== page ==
Cloud photo storage is now ready for primetime. It’s now viable to include cloud storage as part of a broader strategy for backing up your large image archive. But there are still some challenges that relate specifically to serious photographers’ needs, and those are what I’m focusing on here.
Services like Dropbox and iCloud are wonderful for smaller amounts of data and everyday syncing. But if you’re counting your RAW files in the thousands, they don’t really cut the mustard. And general cloud storage for photos–services like Amazon photo or Google photos–are designed for personal use and again don’t really meet the needs of serious photographers.
There are other options that do. Some are fully automated with an app that runs in the background of your computer and that automatically handles the backup process. They’re essentially set-and-forget services. Others provide server space for you to manually upload your files. Some offer encryption; some don’t. Some give you easy and quick access to your images; some don’t.
What the “best” option is for you depends on the specifics of your workflow, how much control you want, whether you want to back up every photo or just the keepers, how much security you need, and how much you’re willing to spend. There’s no one single cloud storage service that is going to be a perfect fit for every photographer’s workflow and preferences. There’s a lot of information below, but it’s worth taking some time to find the solution that works best for you. Some services offer free trials, which is a great way to see whether it’s a good fit without committing your whole workflow down a particular path.
Quick Recommendations for Cloud Photo Storage & Backup
There’s no simple “right” answer to which is the best cloud storage service. Each has its strengths. But if you’re looking for guidance, here’s what I’d recommend based on my own experience of trying a bunch of different cloud storage services and solutions over the years. I have much more detail on these further down the page.
If you just want to keep things simple: Backblaze and Carbonite are both worth a look. These are general backup services that back up everything–not just photos. I’ve found them to be simple, reliable, and cost-effective. These are a good first layer of cloud backup, and they’re great options for an off-site backup of your computer–not just your photos and videos. For extra security, you can add an optional extended version history on Backblaze, increasing the standard 30-day saving of old versions or deleted files to 1 year or forever.
If you want other features geared more specifically to photographers: Photoshelter or, if you’re already using Zenfolio or SmugMug, add the optional online storage add-ons they offer. I personally use PhotoShelter and have been doing so since they started. Their service includes much more than just rock-solid cloud storage, including portfolio websites and storefronts for licensing digital images and selling prints.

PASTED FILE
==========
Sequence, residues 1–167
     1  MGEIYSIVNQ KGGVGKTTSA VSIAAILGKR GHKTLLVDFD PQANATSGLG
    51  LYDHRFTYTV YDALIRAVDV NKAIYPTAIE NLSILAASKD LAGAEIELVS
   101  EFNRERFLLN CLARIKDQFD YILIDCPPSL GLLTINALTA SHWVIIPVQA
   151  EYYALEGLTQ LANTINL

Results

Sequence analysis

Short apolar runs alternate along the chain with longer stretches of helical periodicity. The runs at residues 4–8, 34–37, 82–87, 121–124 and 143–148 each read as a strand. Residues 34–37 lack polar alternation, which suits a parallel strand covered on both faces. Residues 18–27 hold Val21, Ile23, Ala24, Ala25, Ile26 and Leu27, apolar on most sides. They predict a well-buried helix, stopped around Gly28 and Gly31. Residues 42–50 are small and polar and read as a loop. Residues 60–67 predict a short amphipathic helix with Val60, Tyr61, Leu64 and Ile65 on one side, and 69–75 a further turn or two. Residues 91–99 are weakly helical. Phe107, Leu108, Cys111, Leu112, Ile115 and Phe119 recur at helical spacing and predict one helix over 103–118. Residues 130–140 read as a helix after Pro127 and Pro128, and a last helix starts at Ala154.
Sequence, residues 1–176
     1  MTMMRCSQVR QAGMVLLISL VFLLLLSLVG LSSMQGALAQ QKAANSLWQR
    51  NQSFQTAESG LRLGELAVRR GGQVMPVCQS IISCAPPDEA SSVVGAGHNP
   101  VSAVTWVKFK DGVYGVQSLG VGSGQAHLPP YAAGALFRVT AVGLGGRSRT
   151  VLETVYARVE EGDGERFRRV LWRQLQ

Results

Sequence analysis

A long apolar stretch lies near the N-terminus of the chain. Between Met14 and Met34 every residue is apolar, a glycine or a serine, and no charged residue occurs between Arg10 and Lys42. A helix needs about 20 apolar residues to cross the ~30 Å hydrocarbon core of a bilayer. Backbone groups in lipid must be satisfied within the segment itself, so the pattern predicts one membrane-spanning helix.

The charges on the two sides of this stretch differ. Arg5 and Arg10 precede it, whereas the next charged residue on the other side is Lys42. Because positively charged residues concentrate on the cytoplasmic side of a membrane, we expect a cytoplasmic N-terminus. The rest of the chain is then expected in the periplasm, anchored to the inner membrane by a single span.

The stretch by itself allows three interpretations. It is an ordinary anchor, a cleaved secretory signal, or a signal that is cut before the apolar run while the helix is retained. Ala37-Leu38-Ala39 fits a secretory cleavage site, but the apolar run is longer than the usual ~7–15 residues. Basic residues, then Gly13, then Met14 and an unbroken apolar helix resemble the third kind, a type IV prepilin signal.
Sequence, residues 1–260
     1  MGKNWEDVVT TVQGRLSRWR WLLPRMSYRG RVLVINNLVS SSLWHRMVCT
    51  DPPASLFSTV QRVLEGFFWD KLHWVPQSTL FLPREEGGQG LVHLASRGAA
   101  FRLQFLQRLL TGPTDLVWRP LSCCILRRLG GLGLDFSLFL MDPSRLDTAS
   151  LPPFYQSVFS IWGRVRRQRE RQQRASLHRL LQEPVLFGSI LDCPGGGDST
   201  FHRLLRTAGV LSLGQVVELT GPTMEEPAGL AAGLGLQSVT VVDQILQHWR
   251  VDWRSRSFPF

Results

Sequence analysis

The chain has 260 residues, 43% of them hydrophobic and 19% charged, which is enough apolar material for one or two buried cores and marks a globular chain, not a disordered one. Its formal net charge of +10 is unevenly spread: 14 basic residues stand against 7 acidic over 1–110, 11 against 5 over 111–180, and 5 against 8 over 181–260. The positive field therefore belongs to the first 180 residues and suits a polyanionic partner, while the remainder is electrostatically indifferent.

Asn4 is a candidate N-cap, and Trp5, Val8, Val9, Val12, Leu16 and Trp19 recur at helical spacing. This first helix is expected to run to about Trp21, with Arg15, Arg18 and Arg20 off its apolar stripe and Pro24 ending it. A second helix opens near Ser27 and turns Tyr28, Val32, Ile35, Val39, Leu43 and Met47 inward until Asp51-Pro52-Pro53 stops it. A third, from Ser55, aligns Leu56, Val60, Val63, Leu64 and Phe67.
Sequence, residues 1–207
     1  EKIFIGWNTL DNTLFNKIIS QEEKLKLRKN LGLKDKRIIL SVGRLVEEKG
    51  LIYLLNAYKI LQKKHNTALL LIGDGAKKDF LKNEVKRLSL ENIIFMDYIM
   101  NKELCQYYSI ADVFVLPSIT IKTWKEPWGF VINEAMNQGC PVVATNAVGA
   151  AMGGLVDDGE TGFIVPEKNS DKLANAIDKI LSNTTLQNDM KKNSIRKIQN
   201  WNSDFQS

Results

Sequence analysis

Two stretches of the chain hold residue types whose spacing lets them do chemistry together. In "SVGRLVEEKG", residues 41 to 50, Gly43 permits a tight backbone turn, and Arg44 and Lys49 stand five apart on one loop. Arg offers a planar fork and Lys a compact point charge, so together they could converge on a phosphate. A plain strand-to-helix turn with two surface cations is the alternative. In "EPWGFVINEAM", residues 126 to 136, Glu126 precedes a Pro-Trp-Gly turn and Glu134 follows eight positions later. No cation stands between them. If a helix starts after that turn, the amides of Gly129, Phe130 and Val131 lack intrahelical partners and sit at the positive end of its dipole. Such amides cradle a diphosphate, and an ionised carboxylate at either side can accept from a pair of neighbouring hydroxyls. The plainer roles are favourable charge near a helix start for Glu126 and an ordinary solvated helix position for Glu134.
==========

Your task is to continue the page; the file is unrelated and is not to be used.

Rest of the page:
If you want maximum control: Amazon S3, Amazon Glacier, or Microsoft Azure. The one I’m now using is BackBlaze B2. These are all very powerful cloud storage services that aren’t limited specifically to image files, which gives you that high level of control, but by themselves, they’re backend services, which means that you’ll need to find or develop a way to interface with them (more details on that below).
1. Backup 2. Backup 3. Backup
The standard recommendation–and one that I agree with–is that the minimum threshold for having your data “backed up” means that you have at least three copies of your files and that they should not be all in the same place and on the same media. More than three can be even better so long as it doesn’t become so onerous to keep track of everything that the backup system falters–there is a point at which managing multiple backups can become a chore that starts becoming a negative. But aiming for a minimum of three backups provides a good target.
In addition to your main working files, you should have at least one local backup on something you can hold in your hand, like an external hard drive, Blu-ray discs, DVDs, or, maybe even tape. Something like Time Machine on Mac is a good place to start. Those backups are convenient as your first line of defense and are the most convenient to restore from if you need to. But there’s not a single media type that provides a perfect long-term storage solution. Hard drives fail. Blu-ray discs and DVDs get scratched and are mostly unproven over time. Tape isn’t really practical or cost-effective in many cases. And pretty much all physical media formats are susceptible to bit rot over time. Formats also change–floppy disks, anyone? And when was the last time you broke out a tape drive? So you need something else as well.
That something else should be off-site. If your house or studio burns down and reduces your computer and the fancy network drive sitting next to it to a heap of molten plastic and metal, you’re in trouble. There are all sorts of ways to keep an off-site backup. One of the easiest is to swap out periodically out a hard drive that’s kept physically elsewhere, like the office, at home, or even with the in-laws. Basically, you want it to be somewhere that isn’t going to burn if your house burns down or a hurricane floods your house. The hardest part of that, of course, is the doing it part. There’s no real way to automate it, and skipping the swap out for a few months could lead to a lot of lost data.
In recent years, fast internet connections and exponentially cheaper data storage costs have made it more viable to use online cloud storage as an added off-site option. They can be very effective, often easy to use, and can be surprisingly cost-effective.
That said, I don’t recommend relying on any online cloud storage as your primary or only form of backup for your images. Most of the time, these cloud storage services are very reliable. But there are just too many things you don’t control to put all of your eggs in one basket. The internet goes down. Servers get hacked. Monthly subscription fees don’t get paid. Terms of service get revised without notice. Companies go belly-up (like Digital Railroad in 2008 or both BigStash and Photokeeper in 2015) or bought out by Facebook (like Instagram). In short, cloud backups are good options for including as one part a broader backup strategy, but they aren’t a backup strategy in and of themselves.